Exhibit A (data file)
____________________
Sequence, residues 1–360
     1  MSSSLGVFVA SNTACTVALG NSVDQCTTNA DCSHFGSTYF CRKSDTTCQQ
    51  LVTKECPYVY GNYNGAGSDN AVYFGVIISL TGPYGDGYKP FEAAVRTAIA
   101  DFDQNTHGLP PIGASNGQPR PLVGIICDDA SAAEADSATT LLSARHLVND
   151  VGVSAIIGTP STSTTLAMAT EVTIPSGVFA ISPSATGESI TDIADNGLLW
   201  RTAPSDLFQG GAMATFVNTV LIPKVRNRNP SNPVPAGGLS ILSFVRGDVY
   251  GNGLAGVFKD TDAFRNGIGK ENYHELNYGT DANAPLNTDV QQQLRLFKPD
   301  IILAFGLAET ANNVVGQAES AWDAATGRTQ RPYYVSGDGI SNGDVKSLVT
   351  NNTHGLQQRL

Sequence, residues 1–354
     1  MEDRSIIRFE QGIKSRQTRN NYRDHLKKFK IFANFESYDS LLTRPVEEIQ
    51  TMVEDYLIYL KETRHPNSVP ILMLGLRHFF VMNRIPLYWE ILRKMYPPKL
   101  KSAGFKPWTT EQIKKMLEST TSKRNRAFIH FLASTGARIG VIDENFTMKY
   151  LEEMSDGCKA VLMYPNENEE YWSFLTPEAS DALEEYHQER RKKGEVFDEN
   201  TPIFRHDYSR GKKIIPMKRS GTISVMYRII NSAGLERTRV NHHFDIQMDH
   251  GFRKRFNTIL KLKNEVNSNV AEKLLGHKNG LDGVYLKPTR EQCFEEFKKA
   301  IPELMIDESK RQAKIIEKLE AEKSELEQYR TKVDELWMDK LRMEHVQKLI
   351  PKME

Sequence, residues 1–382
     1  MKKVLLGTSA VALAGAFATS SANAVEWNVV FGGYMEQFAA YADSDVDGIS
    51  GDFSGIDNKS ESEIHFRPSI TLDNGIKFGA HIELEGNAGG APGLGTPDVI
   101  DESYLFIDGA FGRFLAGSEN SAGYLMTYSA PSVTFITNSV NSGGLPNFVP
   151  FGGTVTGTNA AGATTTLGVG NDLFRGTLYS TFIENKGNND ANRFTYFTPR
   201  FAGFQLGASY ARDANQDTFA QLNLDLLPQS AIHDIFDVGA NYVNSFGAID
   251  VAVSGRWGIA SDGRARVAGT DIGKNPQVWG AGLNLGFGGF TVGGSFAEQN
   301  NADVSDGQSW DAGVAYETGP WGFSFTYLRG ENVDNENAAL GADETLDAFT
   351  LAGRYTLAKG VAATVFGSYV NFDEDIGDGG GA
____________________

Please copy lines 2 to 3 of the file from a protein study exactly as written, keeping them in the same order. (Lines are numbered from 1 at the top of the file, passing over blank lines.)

     1  MSSSLGVFVA SNTACTVALG NSVDQCTTNA DCSHFGSTYF CRKSDTTCQQ
    51  LVTKECPYVY GNYNGAGSDN AVYFGVIISL TGPYGDGYKP FEAAVRTAIA